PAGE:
WASHINGTON (AP) -- Leaders of the Sept. 11 commission said Sunday they do not regard differences with the Bush administration over the question of al-Qaida's relationship with Iraq under Saddam Hussein as a major point of contention.
Saddam's alleged link with terrorists was a central justification of the Bush administration for toppling the former Iraqi government.
A commission staff report says that while there were contacts between Osama bin Laden's network and the Iraqi government, they did not appear to have produced a collaborative relationship.
Al-Qaida had "a lot more active contacts" with Iran and Pakistan than it did with Iraq, but "we don't see serious conflicts" with the White House over the issue, said the commission chairman, former Republican Gov. Thomas Kean of New Jersey.
Vice President Dick Cheney has said Iraq responded to some of bin Laden's overtures for assistance. That led the commission's vice chairman, former Democratic Rep. Lee Hamilton of Indiana, to again ask that the vice president provide evidence.
"We asked the vice president if he had information we did not have," said Hamilton, who appeared with Kean on ABC's "This Week."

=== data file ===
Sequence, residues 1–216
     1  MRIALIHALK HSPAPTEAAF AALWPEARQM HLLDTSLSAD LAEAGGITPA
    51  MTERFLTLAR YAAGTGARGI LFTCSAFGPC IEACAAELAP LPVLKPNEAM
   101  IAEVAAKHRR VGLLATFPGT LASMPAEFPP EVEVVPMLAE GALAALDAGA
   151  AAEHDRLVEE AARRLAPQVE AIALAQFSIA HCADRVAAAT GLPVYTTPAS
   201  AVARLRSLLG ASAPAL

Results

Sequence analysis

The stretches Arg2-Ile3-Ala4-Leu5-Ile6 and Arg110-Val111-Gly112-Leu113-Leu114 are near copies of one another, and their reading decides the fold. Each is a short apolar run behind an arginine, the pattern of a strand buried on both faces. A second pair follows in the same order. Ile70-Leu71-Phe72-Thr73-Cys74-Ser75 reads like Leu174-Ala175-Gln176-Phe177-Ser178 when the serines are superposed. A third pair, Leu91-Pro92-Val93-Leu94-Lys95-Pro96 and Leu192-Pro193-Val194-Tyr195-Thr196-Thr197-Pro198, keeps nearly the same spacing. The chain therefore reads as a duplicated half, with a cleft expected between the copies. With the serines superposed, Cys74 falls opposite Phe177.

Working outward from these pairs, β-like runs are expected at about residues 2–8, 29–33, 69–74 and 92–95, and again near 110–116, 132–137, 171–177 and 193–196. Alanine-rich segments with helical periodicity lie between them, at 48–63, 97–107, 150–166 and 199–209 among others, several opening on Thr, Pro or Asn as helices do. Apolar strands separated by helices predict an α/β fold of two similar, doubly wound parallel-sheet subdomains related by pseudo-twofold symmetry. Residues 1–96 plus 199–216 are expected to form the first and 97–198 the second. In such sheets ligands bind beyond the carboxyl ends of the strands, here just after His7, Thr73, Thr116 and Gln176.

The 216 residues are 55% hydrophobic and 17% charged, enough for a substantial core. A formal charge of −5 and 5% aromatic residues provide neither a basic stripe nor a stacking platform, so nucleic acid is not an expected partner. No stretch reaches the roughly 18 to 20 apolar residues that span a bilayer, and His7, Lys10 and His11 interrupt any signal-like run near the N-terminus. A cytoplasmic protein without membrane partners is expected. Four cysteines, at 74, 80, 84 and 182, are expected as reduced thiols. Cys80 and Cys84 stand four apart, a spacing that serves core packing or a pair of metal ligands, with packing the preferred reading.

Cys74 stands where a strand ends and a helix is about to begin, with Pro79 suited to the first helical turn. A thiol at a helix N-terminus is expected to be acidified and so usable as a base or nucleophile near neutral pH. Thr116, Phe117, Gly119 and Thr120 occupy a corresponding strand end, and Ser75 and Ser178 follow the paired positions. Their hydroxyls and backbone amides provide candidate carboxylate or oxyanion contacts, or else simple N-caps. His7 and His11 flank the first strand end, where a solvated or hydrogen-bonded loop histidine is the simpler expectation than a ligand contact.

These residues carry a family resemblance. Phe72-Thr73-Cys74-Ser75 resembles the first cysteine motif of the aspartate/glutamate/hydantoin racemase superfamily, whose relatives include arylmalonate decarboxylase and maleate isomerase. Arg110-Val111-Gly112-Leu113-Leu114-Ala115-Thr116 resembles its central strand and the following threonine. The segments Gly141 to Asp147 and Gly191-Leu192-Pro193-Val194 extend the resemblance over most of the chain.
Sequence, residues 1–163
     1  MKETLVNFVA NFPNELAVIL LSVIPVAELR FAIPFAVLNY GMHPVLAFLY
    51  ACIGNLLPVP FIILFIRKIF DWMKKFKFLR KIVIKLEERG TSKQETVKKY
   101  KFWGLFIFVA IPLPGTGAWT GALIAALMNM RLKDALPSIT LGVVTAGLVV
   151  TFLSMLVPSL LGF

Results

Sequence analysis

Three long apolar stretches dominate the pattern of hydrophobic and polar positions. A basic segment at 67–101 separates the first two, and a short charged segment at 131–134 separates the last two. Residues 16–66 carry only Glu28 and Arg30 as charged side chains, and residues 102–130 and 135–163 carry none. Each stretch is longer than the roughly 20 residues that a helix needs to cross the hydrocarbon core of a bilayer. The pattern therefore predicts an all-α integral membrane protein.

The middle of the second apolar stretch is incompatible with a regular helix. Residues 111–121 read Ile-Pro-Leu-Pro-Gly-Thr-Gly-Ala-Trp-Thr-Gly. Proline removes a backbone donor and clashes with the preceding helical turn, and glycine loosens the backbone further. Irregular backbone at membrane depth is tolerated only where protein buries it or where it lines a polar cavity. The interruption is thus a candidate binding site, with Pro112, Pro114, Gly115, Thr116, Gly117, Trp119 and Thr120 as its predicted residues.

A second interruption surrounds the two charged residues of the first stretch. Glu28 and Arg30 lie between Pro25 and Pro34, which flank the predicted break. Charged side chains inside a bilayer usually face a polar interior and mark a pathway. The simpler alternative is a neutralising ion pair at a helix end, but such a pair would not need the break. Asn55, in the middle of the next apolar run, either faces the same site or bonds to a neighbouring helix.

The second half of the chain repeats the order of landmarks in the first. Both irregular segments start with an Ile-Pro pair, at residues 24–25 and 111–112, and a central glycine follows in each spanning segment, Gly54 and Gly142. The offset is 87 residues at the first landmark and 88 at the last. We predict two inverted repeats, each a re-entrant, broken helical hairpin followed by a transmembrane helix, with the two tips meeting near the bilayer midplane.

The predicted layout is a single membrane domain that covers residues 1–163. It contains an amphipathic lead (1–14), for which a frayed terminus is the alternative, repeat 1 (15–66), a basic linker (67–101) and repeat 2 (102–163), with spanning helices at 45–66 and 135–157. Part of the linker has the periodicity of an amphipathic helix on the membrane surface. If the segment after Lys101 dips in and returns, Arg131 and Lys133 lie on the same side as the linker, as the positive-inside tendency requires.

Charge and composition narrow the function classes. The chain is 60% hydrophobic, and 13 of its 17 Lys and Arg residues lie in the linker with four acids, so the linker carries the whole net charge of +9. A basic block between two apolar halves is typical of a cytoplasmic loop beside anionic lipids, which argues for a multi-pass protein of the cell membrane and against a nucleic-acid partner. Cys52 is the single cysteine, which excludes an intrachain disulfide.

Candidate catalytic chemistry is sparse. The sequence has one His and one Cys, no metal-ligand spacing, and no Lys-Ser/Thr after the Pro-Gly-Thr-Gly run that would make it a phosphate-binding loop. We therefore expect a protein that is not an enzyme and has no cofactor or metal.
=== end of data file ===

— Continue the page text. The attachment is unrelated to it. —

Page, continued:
Hamilton said the White House and the commission agree on the central point: There is no evidence of a collaborative relationship between al-Qaida and Iraq in the Sept. 11 attacks on the United States.
Hamilton said the commission's mandate does not extend to the Iraq war and Kean said the staff report containing the finding is an interim document the commission will consider in compiling its final report.
The commission's report is due July 26. The actual release will depend on when the White House declassifies its contents.
Commissioners are reviewing that initial draft of the report, which is several hundred pages long, and say they hope to reach agreement by mid-July.
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